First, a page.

Dividends Matter a Lot, But Not More Than Proper Diversification

Includes: DVY, STO, VALE
by: Roger Nusbaum

There were a couple of interesting comments on the blog earlier this week about what I've called dividend zealots, DZ for short. The way some of the articles and comments by the DZs read it would seem buying companies with long histories of increasing their dividends is an infallible investment strategy. Owning nothing but dividend growers is far from the worst strategy one can implement and while it should be obvious that plenty of people do have success with this, there are people who have success with all other types of strategies. Whatever you think is the worst possible way to invest/trade, I promise you someone is having success with it.

It should also be obvious that any strategy can fail for whatever reason. Constructing a portfolio of stocks that have some lengthy track record for dividend increases still requires picking stocks each of which has their own risks and rewards and the balance of these risks and rewards can change at any time. Dividends can get cut after all. While I am not certain, I would think there would have been at least a couple of financials that would have passed various dividend screens meeting some preferred criteria and if any did pass these screens 2008 still hurt them.

My take on dividends is that they are very important most of the time. In my opinion getting an extra 1-2% portfolio yield above the SPX in a year like 2008 means next to nothing when the market drops 38%, similarly they take on less importance in a year like 2009 where the market goes up 25%. Beyond those occasional huge years, extra yield matters a lot but not more than proper diversification. In my CNBC appearance this past week they flashed a stat that over the last 80 years, 55% of equity returns have come from dividends (that was a new one to me), the one I am more familiar with is 42% of returns coming from dividends since 1950 (I think it is 1950, but you get the idea).

I think of dividends at the portfolio level. The higher the yield versus the SPX the better, up to a point. More important to me than the yield is proper diversification. Being properly diversified gives a better chance of reducing portfolio volatility than being extremely lopsided in stocks that would seem to have many of the same attributes. With a little time spent I'm sure a portfolio could be assembled with 20 stocks that yield five or more percent and work out most of the time but every so often something would come along and decimate the portfolio. Yes the portfolio would probably recover, but a healthy dividend yielding portfolio is not immune to large drawdowns.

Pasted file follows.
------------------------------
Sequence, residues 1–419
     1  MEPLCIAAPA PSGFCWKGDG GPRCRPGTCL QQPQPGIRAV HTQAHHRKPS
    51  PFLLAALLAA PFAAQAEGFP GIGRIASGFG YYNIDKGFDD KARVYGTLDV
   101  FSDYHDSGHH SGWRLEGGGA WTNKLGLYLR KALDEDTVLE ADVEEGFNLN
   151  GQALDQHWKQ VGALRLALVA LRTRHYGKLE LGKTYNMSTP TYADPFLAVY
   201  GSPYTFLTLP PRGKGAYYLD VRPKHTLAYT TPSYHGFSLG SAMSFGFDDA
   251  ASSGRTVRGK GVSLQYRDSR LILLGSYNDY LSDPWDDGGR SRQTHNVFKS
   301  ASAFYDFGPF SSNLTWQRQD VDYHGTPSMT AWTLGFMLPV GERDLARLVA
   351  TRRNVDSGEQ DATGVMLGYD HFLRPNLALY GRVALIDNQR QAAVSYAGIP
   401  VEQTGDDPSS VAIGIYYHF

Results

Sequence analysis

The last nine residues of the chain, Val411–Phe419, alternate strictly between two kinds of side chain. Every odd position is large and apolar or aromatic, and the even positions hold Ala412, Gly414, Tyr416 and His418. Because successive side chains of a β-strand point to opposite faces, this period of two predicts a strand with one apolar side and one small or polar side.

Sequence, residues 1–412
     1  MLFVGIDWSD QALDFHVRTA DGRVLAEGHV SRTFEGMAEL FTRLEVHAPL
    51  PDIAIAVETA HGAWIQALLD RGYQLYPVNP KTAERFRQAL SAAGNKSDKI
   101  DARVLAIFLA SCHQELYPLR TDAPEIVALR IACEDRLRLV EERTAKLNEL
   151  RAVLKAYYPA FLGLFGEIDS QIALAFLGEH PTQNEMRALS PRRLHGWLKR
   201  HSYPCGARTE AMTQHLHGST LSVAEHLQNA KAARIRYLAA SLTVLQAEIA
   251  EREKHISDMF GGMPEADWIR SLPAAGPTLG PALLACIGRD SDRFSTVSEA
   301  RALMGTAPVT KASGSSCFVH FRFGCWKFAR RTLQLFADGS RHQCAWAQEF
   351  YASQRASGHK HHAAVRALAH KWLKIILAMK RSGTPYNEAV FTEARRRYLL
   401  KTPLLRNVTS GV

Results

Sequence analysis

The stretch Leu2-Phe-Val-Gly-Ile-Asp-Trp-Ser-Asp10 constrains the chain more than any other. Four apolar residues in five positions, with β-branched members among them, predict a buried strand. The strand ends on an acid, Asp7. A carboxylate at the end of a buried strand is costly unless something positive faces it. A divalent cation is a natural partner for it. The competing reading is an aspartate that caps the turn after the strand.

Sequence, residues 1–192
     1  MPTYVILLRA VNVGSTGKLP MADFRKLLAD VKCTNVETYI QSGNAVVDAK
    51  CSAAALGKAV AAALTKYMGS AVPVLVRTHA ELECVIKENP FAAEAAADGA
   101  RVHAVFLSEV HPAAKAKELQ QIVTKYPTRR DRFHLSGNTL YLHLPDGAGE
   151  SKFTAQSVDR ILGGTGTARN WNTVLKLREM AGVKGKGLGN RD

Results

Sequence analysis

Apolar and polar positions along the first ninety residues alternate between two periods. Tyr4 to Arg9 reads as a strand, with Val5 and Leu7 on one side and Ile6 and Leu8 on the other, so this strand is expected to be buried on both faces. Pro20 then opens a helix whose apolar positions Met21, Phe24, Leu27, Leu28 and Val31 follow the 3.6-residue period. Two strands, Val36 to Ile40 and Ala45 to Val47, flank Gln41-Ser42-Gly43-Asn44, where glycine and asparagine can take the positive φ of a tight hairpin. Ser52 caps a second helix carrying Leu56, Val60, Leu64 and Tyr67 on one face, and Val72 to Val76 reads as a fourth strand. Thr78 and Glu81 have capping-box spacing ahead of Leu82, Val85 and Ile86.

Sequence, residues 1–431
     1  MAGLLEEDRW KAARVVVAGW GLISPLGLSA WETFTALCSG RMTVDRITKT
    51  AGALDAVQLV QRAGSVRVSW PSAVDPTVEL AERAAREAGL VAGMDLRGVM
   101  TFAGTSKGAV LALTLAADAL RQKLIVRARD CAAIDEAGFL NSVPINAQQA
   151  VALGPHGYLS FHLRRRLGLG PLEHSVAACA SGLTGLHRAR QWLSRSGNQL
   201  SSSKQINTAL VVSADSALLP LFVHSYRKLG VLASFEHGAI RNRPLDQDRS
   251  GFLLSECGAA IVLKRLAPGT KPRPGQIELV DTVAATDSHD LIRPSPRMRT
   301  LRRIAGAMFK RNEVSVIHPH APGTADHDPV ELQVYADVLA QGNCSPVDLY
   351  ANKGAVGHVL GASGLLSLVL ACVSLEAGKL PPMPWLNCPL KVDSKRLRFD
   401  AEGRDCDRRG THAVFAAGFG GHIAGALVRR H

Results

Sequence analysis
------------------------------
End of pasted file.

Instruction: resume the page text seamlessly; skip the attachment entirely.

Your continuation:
For quite a few years now the SPX has yielded pretty close to 2% either way. We've been pretty close to a 3% yield either way and getting there is not that difficult in terms of remaining properly diversified (the way I think of it anyway). Four or five years ago I wrote an article for Real Money where I tried to assemble a portfolio that was diversified in the way I think a portfolio should be diversified that would yield 4% but I came up a few basis points short.

In terms of why not to be too narrowly focused on, in this case, dividends I'll use Vale (NYSE:VALE) as an example. I'm not sure of the exact date of purchase (and I can't call my assistant at this hour and ask her) but I know we had it to start 2005. Eyeballing a Yahoo chart (Google Finance doesn't go back this far with VALE) VALE is up about 375% since the start of 2005 versus a gain of about about 7% for the SPX on a price basis. We still own VALE.

VALE pays dividends, they are not usually very high but they most certainly are lumpy as is the case with many foreign stocks. Many foreign companies have what could be thought of as a dividend policy where they pay some percentage of earnings, so if earnings go up the dividend goes up and if they go down the dividend goes down. There obviously can be other factors but you get the idea.

VALE is no hidden gem. At one point I disclosed that one of the reasons we bought it is because it kept getting mentioned in the Barron's Roundtable, it has also been one of the largest holdings in iShares Brazil (NYSEARCA:EWZ) for a long time. If the whole demand for commodities made any sense to you in the middle of the last decade then you probably at least looked at this company. Ruling it out for lack of consistent dividend growth would have been to misunderstand what was happening globally and how one of the largest miners in the world might benefit.

A less dramatic example would be Statoil (NYSE:STO) which we have owned since late 2004 (we've sold a little twice and bought a little more once). It is up a little over 60% on a price basis in that time and has paid a dividend every spring that has usually been in the 4-5% range (the dividend info at Google Finance is wrong). That the dividend might have grown every year was never the priority, it has actually gone up and down since we've owned it. It offers access that I believe I understand, a product whose demand is going up, a country I know I want to own and the dividend is pretty good. That is a decent thesis behind a stock pick.

I've used these two stocks as examples before because they both capture a forest for the trees idea that I think many DZs miss.